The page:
Dan

Working in Bangkok

Monthly Earnings 130k - 175k

Q1. How is that income broken down? (full-time salary, private students, on-line teaching, extra work, etc)

I work in a fairly decent international school that pays 130k per month including housing and after deductions. 130k is therefore my minimum take home monthly pay. I also have a part time job that pays well, adding up to 45k per month for only one day's work per week. There are occasional months when flight allowances and other bonuses further add to my pay.

Q2. How much money can you save each month?

On average, 100k per month. This varies from month to month depending on how much extra pay I receive over and above my regular salary. As the Thai welfare system provides a feeble safety net, I feel the need to save as much as possible now, to allow for a comfortable retirement. I would like to have enough to be able to wind down by the age of 55 (14 years away).

Q3. How much do you pay for your accommodation and what do you live in exactly (house, apartment, condo)?

12,000 - This is 50% of the rent of a 2-bedroom condo that I live in with my Thai partner (who pays the other 50%). She works as an engineer and earns a salary similar to mine). We live in a quiet Soi in Sathorn not far from Lumphini Park and the MRT / BTS

Q4. What do you spend a month on the following things?

Transportation

Not a lot really, I bought a motorbike for about 100k five years ago and it costs almost nothing to maintain. The ride to work is only a few kms which means gas rarely comes to more than 150 baht a week. Including the occasional taxi I don't think I've ever spent more than 2,000,

Utility bills

About 1,500, As we share bills, this is 50% of the cost of electricity and water, plus a 500 baht monthly charge for my cell phone package.

Food - both restaurants and supermarket shopping

A lot less during term time. School provides free snacks and a buffet lunch for all staff. This means that I only have to pay for dinner, which I usually spend about 250 baht on and never prepare myself. So, when school is open probably no more than 10,000 per month, but during the long holidays that number goes up by 50%

Nightlife and drinking

5 years ago... A LOT. But not so much these days. On Friday I'll have a few beers with friends or take my girl to the cinema. That's about it. Maybe 5k a month.

Books, computers

Nothing really. My PC is a few years old and won't need replacing for at least a few more. As for reading material - I also have access to an awesome library at school - for free.

Q5. How would you summarize your standard of living in one sentence?

Thailand is one of the few countries in the world where you can enjoy a great standard of living in the capital city on a teacher's salary (as long as you're professionally qualified in a country that 'exports' its education system). However, right now I'm more concerned with my standard of living in the future, once I've put the chalk away for the final time. I want to retire here and think I'll need to have saved enough to provide a living allowance of 80 to 100k per month.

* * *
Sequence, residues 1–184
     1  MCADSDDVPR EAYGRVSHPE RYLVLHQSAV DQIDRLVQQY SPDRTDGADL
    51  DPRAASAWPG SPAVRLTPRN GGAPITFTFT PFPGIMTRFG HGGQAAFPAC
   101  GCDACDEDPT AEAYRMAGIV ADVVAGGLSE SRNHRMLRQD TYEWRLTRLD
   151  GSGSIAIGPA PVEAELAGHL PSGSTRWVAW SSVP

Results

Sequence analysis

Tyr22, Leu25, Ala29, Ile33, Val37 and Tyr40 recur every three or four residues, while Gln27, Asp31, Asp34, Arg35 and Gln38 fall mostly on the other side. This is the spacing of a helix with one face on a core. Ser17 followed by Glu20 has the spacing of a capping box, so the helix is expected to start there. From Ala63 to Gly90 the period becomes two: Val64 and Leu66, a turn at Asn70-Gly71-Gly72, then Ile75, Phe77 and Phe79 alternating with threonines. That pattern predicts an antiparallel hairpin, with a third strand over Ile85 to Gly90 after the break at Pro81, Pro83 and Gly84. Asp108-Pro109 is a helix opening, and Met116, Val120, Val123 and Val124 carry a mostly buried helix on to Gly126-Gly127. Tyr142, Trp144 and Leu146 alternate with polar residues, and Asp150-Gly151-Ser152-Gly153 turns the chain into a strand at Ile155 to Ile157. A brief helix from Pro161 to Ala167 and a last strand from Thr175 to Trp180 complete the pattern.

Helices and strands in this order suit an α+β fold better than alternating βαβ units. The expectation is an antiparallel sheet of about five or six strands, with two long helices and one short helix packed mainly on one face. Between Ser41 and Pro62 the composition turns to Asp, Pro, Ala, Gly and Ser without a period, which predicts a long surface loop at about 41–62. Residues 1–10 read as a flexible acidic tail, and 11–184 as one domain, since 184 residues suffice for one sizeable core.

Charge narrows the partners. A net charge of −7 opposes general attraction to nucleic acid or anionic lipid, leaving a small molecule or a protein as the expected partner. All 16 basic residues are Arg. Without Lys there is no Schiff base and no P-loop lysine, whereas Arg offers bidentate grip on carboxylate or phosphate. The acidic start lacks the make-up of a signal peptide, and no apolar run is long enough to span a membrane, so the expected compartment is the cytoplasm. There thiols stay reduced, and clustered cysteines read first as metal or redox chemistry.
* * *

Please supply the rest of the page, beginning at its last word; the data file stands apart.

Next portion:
Q6. What do you consider to be a real 'bargain' here?

Bangkok feels a lot more expensive than when I first arrived. Everything used to be cheap but now I find myself shopping around more. Despite this, public transport is still great value and Coke in 7-11 is cheap too!

Q7. In your opinion, how much money does anyone need to earn here in order to survive?

The minimum wage in Bangkok works out at about 10k per month and the people earning this figure seem to avoid death. But who comes here aiming just to stave off death? If I didn't need to save I could maintain my current standard of living on about 50k per month. However, I DO need to save as I have no teacher's pension or inheritance coming my way. So, if I was earning less than 100k per month I think I'd need to think about going elsewhere.

Phil's analysis and comment

I guess to those teachers out there earning 30-40k a month, it must feel like Dan exists in another universe. But it's all about different strokes for different folks. There are many qualified teachers out there pulling in the megabucks at international schools and saving 100,000 a month.

There is much to admire about Dan's survey. 

I particularly like the way he's totally focused on retiring at 55 with an income of 80-100,000 baht a month. And I would agree with that figure. At 55, Dan's going to have 10-15 golden years ahead of him when he can travel the world, play golf and do all the nice things in life. 

He's got a partner earning the same amount of money. That doesn't do any harm at all. A potential 350,000 baht a month coming into the household and only 12,000 of that going on rent. Way to go! 

Dan clearly doesn't 'waste' money on stuff. He's got a motorcycle that costs peanuts to fill up and maintain. He's cut down on any past drinking habits. He takes advantage of the free school meals. And he's not averse to shopping around for bargains in a city that's becoming more expensive by the week. What's the old saying? - look after the pennies and the pounds will look after themselves.  


Come on! send us your cost of living surveys. We would love to hear from you! This is one of the popular parts of the Ajarn website and these surveys help and inspire a lot of other teachers. Just click the link at the top of the page where it says 'Submit your own Cost of Living survey' or click here.      


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